All the Gallant Men: An American Sailor's Firsthand Account of Pearl Harbor

All the Gallant Men: An American Sailor's Firsthand Account of Pearl Harbor

THE FIRST MEMOIR BY A USS ARIZONA SURVIVOR: Donald Stratton, one of the battleship's five living heroes, delivers a "powerful" and "intimate"* eyewitness account of Pearl Harbor and his unforgettable return to the fight

At 8:10 a.m. on December 7, 1941, Seaman First Class Donald Stratton was consumed by an inferno. A million pounds of explosives had detonated beneath his battle station aboard the USS Arizona, barely fifteen minutes into Japan’s surprise attack on American forces at Pearl Harbor. Near death and burned across two thirds of his body, Don, a nineteen-year-old Nebraskan who had been steeled by the Great Depression and Dust Bowl, summoned the will to haul himself hand over hand across a rope tethered to a neighboring vessel. Forty-five feet below, the harbor’s flaming, oil-slick water boiled with enemy bullets; all around him the world tore itself apart.

In this extraordinary, never-before-told eyewitness account of the Pearl Harbor attack—the only memoir ever written by a survivor of the USS Arizona—ninety-four-year-old veteran Donald Stratton finally shares his unforgettable personal tale of bravery and survival on December 7, 1941, his harrowing recovery, and his inspiring determination to return to the fight.

Don and four other sailors made it safely across the same line that morning, a small miracle on a day that claimed the lives of 1,177 of their Arizona shipmates—approximately half the American fatalaties at Pearl Harbor. Sent to military hospitals for a year, Don refused doctors’ advice to amputate his limbs and battled to relearn how to walk. The U.S. Navy gave him a medical discharge, believing he would never again be fit for service, but Don had unfinished business. In June 1944, he sailed back into the teeth of the Pacific War on a destroyer, destined for combat in the crucial battles of Leyte Gulf, Luzon, and Okinawa, thus earning the distinction of having been present for the opening shots and the final major battle of America’s Second World War.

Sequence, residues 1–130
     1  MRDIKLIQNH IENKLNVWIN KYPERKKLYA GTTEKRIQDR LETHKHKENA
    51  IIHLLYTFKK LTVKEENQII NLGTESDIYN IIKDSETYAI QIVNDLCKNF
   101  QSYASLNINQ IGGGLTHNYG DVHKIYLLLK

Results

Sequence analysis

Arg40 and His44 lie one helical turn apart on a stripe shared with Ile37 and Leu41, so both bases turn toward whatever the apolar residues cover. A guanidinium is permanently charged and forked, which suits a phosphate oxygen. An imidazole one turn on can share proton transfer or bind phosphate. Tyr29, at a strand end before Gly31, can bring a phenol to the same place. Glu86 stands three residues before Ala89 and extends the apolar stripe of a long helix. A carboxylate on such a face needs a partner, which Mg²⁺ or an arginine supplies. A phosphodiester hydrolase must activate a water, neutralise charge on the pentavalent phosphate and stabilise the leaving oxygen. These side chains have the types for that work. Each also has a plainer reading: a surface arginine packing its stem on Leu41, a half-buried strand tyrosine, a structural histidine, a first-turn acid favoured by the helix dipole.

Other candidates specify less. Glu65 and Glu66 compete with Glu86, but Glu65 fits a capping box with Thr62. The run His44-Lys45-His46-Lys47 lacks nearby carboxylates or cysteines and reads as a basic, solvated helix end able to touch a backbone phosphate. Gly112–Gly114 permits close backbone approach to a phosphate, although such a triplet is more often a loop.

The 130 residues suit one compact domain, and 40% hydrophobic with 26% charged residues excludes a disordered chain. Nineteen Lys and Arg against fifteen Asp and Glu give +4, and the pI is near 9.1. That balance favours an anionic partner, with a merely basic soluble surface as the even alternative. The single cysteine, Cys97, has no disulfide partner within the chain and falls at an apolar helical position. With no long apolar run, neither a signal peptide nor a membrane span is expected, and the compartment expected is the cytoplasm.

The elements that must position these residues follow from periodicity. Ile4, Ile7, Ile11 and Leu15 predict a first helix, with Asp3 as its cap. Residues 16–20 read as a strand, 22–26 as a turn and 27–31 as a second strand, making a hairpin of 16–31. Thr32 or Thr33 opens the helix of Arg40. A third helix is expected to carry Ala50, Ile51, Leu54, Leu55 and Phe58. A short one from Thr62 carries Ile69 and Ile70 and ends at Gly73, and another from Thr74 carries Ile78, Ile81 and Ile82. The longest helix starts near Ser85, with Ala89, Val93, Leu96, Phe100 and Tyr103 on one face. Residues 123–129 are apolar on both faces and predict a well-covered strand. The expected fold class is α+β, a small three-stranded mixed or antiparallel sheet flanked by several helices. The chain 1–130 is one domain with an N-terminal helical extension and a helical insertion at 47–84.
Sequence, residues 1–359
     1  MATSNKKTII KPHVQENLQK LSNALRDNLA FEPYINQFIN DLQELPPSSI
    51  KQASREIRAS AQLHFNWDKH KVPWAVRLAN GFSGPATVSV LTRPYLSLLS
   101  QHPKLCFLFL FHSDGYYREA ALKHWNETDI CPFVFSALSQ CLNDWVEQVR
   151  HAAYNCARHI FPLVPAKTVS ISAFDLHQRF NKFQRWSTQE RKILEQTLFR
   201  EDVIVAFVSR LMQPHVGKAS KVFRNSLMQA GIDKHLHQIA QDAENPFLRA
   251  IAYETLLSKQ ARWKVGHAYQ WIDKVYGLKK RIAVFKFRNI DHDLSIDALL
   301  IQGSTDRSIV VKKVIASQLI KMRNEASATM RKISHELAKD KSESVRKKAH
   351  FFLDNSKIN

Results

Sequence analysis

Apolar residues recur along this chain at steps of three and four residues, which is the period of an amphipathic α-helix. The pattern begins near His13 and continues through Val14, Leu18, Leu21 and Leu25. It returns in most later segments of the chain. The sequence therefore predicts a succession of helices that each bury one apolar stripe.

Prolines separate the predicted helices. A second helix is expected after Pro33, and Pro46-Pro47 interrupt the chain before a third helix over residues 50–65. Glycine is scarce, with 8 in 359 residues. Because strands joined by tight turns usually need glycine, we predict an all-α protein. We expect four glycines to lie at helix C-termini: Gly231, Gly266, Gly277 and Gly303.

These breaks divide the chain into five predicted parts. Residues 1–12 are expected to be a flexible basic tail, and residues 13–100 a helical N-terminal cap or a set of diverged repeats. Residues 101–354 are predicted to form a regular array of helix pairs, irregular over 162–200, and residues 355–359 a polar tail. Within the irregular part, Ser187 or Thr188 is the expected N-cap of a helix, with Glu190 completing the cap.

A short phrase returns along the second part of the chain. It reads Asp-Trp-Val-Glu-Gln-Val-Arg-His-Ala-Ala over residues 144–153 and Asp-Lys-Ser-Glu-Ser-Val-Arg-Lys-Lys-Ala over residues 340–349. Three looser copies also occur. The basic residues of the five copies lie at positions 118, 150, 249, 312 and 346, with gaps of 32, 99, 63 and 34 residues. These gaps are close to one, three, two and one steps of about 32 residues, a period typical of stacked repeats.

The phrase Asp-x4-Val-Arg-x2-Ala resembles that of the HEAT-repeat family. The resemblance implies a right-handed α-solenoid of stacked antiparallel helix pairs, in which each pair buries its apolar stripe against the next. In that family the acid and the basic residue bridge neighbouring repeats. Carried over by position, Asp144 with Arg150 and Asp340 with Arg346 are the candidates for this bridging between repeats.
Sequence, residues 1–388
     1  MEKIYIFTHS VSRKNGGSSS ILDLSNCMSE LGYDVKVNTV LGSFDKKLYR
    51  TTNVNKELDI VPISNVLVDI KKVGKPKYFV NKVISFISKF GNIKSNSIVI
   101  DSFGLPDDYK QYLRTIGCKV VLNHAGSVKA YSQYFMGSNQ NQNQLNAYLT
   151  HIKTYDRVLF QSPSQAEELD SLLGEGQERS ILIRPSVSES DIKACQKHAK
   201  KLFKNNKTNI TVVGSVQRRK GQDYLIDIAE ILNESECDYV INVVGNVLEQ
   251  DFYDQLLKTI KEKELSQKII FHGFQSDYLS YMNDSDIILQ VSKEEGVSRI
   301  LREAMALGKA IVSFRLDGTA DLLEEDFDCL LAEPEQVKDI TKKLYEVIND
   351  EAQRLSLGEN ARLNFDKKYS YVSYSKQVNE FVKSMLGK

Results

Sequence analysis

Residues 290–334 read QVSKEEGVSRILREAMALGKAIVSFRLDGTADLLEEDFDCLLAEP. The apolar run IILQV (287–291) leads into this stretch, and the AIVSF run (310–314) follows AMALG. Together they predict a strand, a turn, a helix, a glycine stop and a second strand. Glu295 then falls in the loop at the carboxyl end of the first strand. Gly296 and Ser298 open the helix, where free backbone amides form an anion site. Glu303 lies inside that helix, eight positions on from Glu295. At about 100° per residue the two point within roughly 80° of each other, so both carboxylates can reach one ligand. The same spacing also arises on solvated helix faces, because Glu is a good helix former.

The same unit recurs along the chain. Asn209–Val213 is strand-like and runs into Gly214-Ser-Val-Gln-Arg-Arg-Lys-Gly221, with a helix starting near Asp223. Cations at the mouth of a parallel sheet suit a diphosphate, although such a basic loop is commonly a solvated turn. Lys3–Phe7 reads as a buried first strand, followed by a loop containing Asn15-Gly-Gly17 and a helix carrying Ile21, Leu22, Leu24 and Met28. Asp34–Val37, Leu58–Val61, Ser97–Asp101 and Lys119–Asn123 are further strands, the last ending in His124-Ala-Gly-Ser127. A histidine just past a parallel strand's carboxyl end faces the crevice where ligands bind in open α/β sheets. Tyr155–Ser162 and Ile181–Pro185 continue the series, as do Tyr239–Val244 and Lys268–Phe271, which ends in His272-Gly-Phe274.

As the seventy-fifth anniversary of the Pearl Harbor attack approaches, Don, a great-grandfather of five and one of six living survivors of the Arizona, offers an unprecedentedly intimate reflection on the tragedy that drew America into the greatest armed conflict in history. All the Gallant Men is a book for the ages, one of the most remarkable—and remarkably inspiring—memoirs of any kind to appear in recent years.

*Library Journal

Title:All the Gallant Men: An American Sailor's Firsthand Account of Pearl Harbor
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  • Wow! This is the greatest non fiction book that I have ever read. From the beginning to the end it will grab your heart and move you to tears. I had to read awhile and put it down to dry tears and the...

  • I finished this book last night, the eve the 75th anniversary. I don't know where to begin a review of this book. So I think a small quote from page 109 will say it all."Dear Lord,Lest I continueMy co...

  • What an amazing man and story. When I got to the end and found out he lives in Colorado Springs I emailed my dad (who also lives in the Springs). We are going to visit in August and I would like to bu...

  • The memories of a patriot, a war hero, and a great American. If you rate this book anything less than 5 stars you need to have your head examined. Robert Walker...

  • An excellent book who the author survived the U.S.S. Arizona explosion during the Japanese attack on Pearl Harbor, Hawaii on December 7, 1941. Stratton, A seaman first class in the United States Navy ...

  • I wanted to give it a 4, but the writing style jumped and although the time frames were linear, it was difficult to context his life as a whole, IMHO. Not that you didn't get to know Donald and his he...

  • A love story. A sailor and his ship. The Arizona.Possably the best book I have ever read. Just the right length and not alot of flowery descriptions.. Just the facts and such an emotional feel to Dona...

  • Exceeds expectations. The writing was good. The voice was clear. I learned so much from it. The telling of the events of Pearl Harbor and afterwards was so matter of fact. The narrative was not colore...

  • Raw emotionI felt this memoir. It got to me. I could make out the scenes in my mind. The descriptions were palpable. The history rich with sorrow. So sad for the few young people that lived with the h...

  • This book is a great combination of author and sailor who survived the sinking of the USS Arizona at Hawaii of December 7, 1941 driving the US into World War II. Donald Stratton was a teenager living ...

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